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Cardinal: ‘Don’t kill your granny’
Cardinal O’Brien: slogan is a ‘new battle cry’ Medics warn public of backdoor euthanasia
CARDINAL KEITH O’Brien has called for opponents of assisted suicide to fight under the slogan “Don’t kill your granny” ahead of renewed attempts to legalise euthanasia in Britain.
His comments followed a warning from medical professionals that a new system of end-of-life care which was being introduced across the country amounted to “backdoor euthanasia”.
At a homily for an anniversary Mass for Blessed Teresa of Calcutta at St Mary’s Cathedral, Edinburgh, Britain’s only active cardinal warned about the “threats to life” near its beginning and end.
He said the public “must be increasingly alert and alive to the threats to life, particularly of the elderly and the critically ill, some near the point of death”.
He said: “Across the Parliaments of the United Kingdom determined attempts are being made to legalise euthanasia.” Citing the 2005 bill in the Scottish Parliament and the Assisted Dying for the Terminally Ill Bill in the House of Lords the following year, he said: “We can be sure that further attempts to legalise euthanasia and physician-assisted suicide will be made in our Parliaments. The threat of legally assisted suicide in Scotland is doubly concerning: not only would it endanger Scottish patients, but it would also lead to euthanasia tourism, as it is called, as already happens in Switzerland.”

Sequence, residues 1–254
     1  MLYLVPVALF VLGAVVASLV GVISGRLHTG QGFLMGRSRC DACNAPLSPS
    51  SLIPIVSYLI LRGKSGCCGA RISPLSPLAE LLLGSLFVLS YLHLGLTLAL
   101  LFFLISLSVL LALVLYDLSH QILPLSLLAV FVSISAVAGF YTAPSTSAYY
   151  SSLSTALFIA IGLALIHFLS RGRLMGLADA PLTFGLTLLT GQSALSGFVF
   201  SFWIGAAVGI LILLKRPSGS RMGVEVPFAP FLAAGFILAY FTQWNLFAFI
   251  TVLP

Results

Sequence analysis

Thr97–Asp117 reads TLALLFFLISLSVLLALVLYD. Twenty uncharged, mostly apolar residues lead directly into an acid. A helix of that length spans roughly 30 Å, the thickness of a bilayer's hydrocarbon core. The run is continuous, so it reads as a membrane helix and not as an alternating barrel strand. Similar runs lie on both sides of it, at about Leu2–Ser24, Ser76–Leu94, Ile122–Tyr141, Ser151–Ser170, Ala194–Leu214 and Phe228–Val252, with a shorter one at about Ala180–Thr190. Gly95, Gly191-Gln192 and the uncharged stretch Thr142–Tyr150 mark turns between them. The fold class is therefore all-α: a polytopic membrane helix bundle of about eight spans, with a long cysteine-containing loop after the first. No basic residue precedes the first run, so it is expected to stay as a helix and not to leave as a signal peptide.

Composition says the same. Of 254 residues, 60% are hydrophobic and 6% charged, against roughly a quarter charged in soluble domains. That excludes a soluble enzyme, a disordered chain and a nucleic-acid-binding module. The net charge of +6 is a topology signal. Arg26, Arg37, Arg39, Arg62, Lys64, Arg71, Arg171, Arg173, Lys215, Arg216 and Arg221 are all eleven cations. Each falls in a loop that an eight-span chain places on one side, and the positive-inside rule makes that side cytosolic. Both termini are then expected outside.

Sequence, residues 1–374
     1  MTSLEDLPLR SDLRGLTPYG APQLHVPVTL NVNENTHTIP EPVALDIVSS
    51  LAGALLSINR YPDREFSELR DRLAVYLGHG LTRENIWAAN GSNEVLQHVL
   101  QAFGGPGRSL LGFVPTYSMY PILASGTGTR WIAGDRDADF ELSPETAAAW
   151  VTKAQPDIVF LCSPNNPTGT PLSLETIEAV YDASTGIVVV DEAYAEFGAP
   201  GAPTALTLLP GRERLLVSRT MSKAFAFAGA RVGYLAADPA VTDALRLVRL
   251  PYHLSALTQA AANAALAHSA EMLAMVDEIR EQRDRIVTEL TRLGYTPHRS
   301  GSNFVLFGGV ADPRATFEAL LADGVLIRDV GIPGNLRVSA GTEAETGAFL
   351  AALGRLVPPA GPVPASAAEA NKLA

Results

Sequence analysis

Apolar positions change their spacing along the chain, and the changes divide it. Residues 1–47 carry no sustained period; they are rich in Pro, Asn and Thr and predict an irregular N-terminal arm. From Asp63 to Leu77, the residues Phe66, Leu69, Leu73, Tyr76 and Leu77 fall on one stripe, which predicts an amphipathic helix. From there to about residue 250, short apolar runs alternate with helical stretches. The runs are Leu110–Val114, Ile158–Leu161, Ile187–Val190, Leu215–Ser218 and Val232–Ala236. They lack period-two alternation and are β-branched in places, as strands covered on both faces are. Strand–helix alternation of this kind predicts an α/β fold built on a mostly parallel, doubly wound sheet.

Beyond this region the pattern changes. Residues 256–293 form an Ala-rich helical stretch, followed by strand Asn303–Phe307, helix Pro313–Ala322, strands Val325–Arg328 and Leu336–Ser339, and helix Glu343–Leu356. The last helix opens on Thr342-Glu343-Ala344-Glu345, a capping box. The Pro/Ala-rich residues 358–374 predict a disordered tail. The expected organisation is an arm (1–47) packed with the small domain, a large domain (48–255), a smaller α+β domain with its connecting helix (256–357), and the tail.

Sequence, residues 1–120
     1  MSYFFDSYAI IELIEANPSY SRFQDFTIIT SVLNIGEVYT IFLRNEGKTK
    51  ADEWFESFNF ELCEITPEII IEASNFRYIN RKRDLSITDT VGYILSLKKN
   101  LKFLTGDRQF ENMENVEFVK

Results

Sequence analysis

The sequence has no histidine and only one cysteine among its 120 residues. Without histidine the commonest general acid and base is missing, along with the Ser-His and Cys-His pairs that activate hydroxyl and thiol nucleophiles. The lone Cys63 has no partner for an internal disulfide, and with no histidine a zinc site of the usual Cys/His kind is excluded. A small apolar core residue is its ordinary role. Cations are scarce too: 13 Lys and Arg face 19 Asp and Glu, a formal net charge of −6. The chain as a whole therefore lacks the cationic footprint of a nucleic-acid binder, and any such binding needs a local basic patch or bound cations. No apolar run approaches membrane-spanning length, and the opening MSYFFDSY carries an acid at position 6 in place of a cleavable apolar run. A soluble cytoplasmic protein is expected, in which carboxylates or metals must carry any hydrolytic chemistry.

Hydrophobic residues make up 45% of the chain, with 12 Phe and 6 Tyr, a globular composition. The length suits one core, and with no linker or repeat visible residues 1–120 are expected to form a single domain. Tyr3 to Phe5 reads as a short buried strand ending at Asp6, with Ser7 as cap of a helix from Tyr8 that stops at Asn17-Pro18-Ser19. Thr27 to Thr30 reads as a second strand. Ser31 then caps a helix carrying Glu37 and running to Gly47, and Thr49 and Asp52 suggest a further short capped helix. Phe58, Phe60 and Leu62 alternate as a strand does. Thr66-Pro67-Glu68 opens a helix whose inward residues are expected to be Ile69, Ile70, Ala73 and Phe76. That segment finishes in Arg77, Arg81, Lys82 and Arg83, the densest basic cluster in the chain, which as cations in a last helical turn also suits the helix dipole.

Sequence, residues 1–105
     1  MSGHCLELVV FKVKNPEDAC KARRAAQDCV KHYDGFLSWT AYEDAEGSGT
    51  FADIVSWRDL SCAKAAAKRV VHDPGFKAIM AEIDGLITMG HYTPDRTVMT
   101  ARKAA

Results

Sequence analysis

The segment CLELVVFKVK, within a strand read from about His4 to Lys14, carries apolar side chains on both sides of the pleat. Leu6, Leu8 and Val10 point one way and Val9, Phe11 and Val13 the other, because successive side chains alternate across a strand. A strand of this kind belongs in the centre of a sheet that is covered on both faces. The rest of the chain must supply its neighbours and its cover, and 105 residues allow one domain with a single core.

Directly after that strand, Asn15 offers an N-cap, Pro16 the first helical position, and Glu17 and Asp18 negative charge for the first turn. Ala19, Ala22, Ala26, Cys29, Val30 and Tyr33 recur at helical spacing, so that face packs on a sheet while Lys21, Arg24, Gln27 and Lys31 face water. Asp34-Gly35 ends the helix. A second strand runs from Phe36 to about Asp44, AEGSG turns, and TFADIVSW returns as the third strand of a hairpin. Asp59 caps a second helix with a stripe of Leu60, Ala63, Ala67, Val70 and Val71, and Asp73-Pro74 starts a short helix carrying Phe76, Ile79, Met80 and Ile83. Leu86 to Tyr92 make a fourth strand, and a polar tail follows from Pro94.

He said that a draft form of a bill legalising euthanasia in Scotland would be ready by Christmas. “We will then have a real struggle to ensure that our society and our politicians continue to support life and dismiss [MSP] Margo Macdonald’s misguided efforts. The opinion polls show a worrying level of public support for euthanasia and we must take this as our cue to convince our fellow citizens that every life is precious right to its natural end.
“A new battle lies open before us... Every move to legalise as
sisted suicide and euthanasia in the United Kingdom must be opposed. I know that my own Catholic community is not alone in this forthcoming battle.
“And in that new battle, perhaps we need a simple battle cry or rallying call. It might be ‘Care not killing’ or ‘Life not death’. Am I being simplistic when I suggest another: ‘Don’t kill your granny!’ This latter cry sums up so much of what is happening at this present time with regard to the ongoing destruction of family life: Don’t have babies! Kill off those who are old, useless and less able!
“Just where would we be in society today if in our family life we did not have husbands and wives, children and elderly, infants in the womb needing care and protection, the elders in our family circles being lovingly looked after in their old age, either at home, in hospital or in hospice.”
Cardinal O’Brien’s words came two days after a letter to the Daily Telegraph in which medical experts warned that Britain was facing a “national crisis in care” and that large numbers were being killed by having fluids and drugs removed.
P H Millar, emeritus professor of geriatrics at London University and Dr Anthony Cole, chairman of the Medical Ethics Alliance, were among those who put their name to the letter, which said medical professionals were encouraging a “tick box” culture in which healthcare staff stopped questioning whether a patient was really dying or not. They called it “disturbing” that 16.5 per cent of the deaths of Britons came about after terminal sedation.